The genetic improvement of plants for human use is the primary goal of plant breeding. Through repeated processes of population development and selection, breeders have produced highly productive plants that are adapted to a vast array of environments and cultivation practices. The challenges that drove plant breeders in the past, such as increasing production, novel or increasingly prevalent abiotic and biotic stresses, and evolving end-user demands persist today and are compounded with unprecedented population growth. Genomic selection (GS), a genomewide marker-based selection method, has been shown to be an efficient and effective breeding tool. Its general applicability to plant breeding and principles guiding its use have been established by simulation and empirical cross-validation studies. More recently, studies have demonstrated genetic gains over multiple cycles of selection in a variety of crop species. In the first chapter we provide additional evidence for the effectiveness of GS in an actual breeding program by demonstrating significant gains of 164.74 kg ha-1 and -1.41 ppm for grain yield and DON, respectively, two unfavorably correlated quantitative traits, across three cycles of selection in a spring six-row barley breeding population. With its general effectiveness established, the next step is to increase the accuracy of GS and thereby increase genetic gains. For this, we first showed that updating the training population (TP) with phenotyped lines from recent breeding cycles, specifically selected lines, had an overall positive effect on prediction accuracy. Additionally, we investigated four recently-proposed algorithms that seek to optimize the composition of a TP. Overall the optimization algorithms improved prediction accuracy when compared to a randomly selected TP subset of the same size, but which algorithm performed best was dependent on the trait being predicted and other factors discussed within. This retrospective investigation highlighted the importance of maintaining and optimizing the TP when using GS in real breeding situations to maximize prediction accuracy, thereby maximizing gain from selection and resource utilization. Furthermore, genetic gains depend on genetic variation. Exotic germplasm can be exploited to introduce genetic variability into elite breeding populations to drive genetic gains and address new or changing breeding targets. Wide crosses between elite and exotic germplasm have been widely used to identify large-effect QTL and breed for improved disease or insect resistance. The utility of exotic germplasm to improve quantitative traits, which includes many important agronomic traits, has not been tested as widely. In the second chapter we select parents from an advanced backcross population constructed from 25 wild barley (Hordeum vulgare L. spp spontaneum) accessions crossed to the common high-yielding malting barley cultivar, Rasmusson. We extended the genomic selection framework to identify parent combinations that, with ideal recombination, should produce progeny with large numbers of exotic introgressions with favorable effects. We compared the marker-based crossing strategy to the traditional methods of crossing the topmost performing parents or the most genetically diverse parents. After one round of marker-based progeny selection from these crosses we identified breeding lines, harboring exotic introgressions, which consistently yielded higher than Rasmusson across five trial locations. While none of these lines were statistically better than Rasmusson, there is compelling evidence that the introgression of wild alleles contributed to increased yield. The three parent selection strategies were not significantly different for their ability to identify superior progeny.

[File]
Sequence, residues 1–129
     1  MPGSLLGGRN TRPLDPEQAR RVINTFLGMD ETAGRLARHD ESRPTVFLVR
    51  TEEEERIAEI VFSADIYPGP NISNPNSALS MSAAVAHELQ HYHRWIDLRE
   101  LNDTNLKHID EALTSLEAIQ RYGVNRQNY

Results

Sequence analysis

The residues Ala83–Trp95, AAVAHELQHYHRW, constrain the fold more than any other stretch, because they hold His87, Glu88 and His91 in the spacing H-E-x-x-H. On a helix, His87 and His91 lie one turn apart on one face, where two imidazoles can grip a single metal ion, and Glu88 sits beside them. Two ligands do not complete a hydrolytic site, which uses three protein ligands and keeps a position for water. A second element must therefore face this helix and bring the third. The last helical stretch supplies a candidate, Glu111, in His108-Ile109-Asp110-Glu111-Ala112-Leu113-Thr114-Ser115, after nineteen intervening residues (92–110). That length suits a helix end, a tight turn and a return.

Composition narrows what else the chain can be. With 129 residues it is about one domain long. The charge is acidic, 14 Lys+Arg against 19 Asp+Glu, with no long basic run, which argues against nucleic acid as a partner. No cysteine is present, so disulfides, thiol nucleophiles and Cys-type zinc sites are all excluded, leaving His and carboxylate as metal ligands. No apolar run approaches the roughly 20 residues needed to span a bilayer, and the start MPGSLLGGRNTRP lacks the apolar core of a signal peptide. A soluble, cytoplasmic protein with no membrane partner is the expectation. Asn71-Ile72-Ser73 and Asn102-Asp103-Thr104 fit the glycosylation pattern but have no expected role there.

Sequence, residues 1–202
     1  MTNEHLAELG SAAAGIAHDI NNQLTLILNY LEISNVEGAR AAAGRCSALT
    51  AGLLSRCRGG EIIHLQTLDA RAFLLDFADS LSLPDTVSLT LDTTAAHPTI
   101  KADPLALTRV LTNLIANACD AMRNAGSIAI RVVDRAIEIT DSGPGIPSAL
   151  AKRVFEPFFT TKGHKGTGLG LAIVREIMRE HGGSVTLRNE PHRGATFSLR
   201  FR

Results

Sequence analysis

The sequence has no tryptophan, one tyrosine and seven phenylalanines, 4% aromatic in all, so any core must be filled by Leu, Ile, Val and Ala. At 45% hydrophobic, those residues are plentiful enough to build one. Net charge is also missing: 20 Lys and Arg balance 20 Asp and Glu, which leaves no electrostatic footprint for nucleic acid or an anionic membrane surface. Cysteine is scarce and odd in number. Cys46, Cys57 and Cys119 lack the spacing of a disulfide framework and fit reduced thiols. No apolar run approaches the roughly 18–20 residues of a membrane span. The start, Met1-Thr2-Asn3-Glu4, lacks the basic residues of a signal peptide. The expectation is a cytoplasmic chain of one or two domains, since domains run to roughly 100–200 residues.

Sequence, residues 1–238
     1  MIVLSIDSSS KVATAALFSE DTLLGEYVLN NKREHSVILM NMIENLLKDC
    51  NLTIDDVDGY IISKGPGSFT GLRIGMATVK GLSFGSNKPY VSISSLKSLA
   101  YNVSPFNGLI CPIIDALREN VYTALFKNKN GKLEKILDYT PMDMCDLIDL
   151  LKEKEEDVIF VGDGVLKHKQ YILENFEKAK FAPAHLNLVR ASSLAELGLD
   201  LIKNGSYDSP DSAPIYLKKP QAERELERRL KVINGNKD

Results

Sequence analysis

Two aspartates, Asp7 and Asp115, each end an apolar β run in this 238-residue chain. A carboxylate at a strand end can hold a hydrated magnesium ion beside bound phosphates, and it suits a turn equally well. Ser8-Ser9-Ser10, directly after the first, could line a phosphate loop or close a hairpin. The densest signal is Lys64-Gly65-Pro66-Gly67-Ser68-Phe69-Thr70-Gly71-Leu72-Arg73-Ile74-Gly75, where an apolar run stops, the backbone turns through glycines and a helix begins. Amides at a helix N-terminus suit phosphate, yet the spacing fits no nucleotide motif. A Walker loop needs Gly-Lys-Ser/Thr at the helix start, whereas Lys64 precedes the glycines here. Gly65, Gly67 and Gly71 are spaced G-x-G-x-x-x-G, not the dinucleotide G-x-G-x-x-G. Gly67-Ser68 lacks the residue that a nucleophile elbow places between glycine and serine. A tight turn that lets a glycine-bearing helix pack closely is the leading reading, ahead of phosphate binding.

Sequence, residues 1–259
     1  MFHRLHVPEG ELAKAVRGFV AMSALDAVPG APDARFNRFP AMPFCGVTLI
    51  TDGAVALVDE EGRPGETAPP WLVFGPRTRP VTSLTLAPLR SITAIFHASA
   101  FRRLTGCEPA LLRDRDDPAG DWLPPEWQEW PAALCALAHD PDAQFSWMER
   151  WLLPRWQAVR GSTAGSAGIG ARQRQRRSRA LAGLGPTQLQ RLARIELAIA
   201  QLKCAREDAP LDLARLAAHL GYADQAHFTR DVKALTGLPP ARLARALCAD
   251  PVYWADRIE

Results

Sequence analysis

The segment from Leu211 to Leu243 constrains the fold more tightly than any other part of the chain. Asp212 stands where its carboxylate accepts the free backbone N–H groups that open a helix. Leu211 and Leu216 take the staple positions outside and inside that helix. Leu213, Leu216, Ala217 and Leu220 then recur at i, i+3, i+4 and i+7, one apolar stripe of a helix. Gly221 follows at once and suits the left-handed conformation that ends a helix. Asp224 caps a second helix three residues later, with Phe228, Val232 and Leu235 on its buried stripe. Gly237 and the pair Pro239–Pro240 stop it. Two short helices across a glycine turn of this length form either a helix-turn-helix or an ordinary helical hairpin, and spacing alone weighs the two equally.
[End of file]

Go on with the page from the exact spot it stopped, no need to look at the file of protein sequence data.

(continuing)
University of Minnesota Ph.D. dissertation. April 2016. Major: Applied Plant Sciences. Advisor: Kevin Smith. 1 computer file (PDF); iv, 106 pages.
Evaluating genomewide marker-based breeding methods in traditional and wild relative-derived barley populations.
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